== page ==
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We are designing two interface (printed) boards and need to connect them by cables (0.5-1.5m). So we're thinking about which connectors to use. We'd like to use twisted-pairs like in a RJ45 cable.

The problem is, we are talking about 200 signals (-10V to +10V), which would require 50x RJ45 cables.

Alternatives I know of are RJ21 or DSUB-50 cables, with 50 pins, 2x25 wires each. Buying them is way too expensive (at least in Germany, it would be around 450€ or more for 8 cables) and soldering 800 contacts is considered too much work for now (+120€ material). For comparison, we could get 50x RJ45-cables out of the box for 70€.

So I wonder if there is an alternative? Are there any cable standards which are as reliable and cheap as RJ45, but suitable for a larger number of signals? (If there wouldn't be the twisted pair condition, flat ribbon cables would be a good choice).

For the maximum frequency of the signals one could assume something around 200-500 kHz, the impedance of the cable should not matter too much, as the entry impedance of the end device is 1 MOhm (but I'm far from an expert in this matter).

Further clarification: We have about 60 analog signals and about 100 digital ones, just some of them have a high frequency and stiff edges, a lot others are just rarely changing signals for controlling a state space machine. About 40 of the 200 "signals" are actually ground.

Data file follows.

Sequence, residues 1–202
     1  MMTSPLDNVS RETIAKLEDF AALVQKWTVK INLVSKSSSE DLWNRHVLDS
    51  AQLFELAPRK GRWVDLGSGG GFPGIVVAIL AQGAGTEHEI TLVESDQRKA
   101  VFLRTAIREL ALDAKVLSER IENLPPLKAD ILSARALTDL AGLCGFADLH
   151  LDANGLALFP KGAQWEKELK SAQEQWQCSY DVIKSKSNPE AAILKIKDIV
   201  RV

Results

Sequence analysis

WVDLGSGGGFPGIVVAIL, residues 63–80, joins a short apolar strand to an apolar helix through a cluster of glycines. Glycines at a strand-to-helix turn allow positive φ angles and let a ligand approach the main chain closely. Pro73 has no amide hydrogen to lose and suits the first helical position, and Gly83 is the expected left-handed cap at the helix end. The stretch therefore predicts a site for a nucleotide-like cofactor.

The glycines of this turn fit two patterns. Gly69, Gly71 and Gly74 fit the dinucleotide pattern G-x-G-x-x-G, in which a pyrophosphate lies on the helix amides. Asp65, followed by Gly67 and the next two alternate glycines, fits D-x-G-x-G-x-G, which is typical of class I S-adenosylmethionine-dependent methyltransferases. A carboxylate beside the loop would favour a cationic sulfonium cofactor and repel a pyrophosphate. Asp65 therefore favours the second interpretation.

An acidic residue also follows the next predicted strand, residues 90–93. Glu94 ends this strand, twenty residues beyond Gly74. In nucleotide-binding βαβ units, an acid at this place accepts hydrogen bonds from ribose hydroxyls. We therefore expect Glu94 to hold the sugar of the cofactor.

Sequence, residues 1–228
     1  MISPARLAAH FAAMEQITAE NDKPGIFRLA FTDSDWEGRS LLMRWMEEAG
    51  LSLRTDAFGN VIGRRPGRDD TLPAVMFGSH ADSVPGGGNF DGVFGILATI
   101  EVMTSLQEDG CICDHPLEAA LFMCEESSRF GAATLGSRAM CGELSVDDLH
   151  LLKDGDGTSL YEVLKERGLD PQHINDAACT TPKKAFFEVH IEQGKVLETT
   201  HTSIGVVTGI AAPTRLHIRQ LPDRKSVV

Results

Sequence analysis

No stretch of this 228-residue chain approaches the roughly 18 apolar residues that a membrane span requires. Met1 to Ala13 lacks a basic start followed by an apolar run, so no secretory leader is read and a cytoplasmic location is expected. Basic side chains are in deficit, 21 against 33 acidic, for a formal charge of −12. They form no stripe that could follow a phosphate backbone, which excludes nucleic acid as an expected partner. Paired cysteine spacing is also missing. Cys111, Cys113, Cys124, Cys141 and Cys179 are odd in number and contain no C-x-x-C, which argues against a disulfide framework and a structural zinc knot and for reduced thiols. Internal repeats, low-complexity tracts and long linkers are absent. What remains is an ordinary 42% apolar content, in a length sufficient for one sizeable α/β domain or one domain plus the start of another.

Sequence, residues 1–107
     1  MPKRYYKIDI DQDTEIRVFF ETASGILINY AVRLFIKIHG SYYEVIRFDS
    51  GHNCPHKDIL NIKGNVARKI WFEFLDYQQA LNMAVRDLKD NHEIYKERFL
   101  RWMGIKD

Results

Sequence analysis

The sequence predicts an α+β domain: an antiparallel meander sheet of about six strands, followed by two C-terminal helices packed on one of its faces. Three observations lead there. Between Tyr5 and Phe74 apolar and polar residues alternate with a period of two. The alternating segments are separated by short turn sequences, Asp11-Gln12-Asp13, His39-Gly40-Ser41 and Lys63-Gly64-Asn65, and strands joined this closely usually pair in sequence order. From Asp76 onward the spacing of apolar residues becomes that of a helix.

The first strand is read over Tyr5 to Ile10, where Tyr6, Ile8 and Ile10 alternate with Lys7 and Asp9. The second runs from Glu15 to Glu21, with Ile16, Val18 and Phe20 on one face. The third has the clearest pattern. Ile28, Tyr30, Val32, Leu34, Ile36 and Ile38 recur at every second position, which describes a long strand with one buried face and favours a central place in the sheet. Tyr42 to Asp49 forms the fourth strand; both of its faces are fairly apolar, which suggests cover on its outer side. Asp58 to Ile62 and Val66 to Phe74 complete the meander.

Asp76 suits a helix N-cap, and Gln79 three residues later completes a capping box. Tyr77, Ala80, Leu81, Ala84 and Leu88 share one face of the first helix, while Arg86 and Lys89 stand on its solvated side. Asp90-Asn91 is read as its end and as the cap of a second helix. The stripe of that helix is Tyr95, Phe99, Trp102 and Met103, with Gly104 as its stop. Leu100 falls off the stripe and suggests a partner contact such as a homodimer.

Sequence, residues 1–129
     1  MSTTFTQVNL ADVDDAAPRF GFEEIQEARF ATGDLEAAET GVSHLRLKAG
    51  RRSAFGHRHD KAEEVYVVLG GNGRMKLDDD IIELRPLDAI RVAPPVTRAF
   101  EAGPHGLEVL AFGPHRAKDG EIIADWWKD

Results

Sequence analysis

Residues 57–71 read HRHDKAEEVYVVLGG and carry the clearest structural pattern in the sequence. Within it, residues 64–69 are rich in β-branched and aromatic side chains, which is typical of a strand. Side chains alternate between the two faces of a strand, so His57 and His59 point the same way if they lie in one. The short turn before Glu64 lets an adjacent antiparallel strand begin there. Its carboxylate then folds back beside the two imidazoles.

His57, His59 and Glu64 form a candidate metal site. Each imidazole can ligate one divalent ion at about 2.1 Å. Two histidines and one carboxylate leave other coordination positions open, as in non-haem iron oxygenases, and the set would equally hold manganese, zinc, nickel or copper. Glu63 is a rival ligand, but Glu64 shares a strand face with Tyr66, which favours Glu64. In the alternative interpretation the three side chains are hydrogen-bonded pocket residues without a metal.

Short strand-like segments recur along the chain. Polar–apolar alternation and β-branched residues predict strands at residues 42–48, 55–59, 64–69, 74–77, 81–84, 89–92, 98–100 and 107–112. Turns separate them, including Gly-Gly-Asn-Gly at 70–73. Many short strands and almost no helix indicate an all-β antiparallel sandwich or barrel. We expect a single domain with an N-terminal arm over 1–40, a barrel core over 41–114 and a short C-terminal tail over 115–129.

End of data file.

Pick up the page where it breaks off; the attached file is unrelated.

I'm not searching for an improvement of the basic setup as it cannot be changed. Behind the interface boards directly follow the end devices. Apart from some little amplification and filtering of the analog signals, the purpose of the interface boards is to collect the signals of all sensors and actuators and redistribute them, to enable better cabling.


The system basically looks like is: enter image description here

As the DSUB-50 connectors of the right system do not provide the possibility of twisted pair wiring in most cases, the idea was to directly connect the DSUB-50 with an interface board (without cables) to offer better suited connectors.

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    \$\begingroup\$ What about the cost of the connectors though? Cables are one thing, but you are not allowed to forget the thing you plug them into, nor the boardspace for those connectors. \$\endgroup\$ – Joren Vaes Oct 19 '17 at 17:18
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    \$\begingroup\$ Have you considered Amphenol RJ21 25 pair telephone connectors (2 of them)? They are physically pretty big but cables and connectors are relatively cheap and easy to source. Ultra-wide SCSI cables are another possibility. \$\endgroup\$ – Dean Franks Oct 19 '17 at 18:38
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    \$\begingroup\$ If the first board is signal conditioning and the second is ADC, why not put everything on one board and not even have a cable at all? \$\endgroup\$ – peufeu Oct 19 '17 at 19:31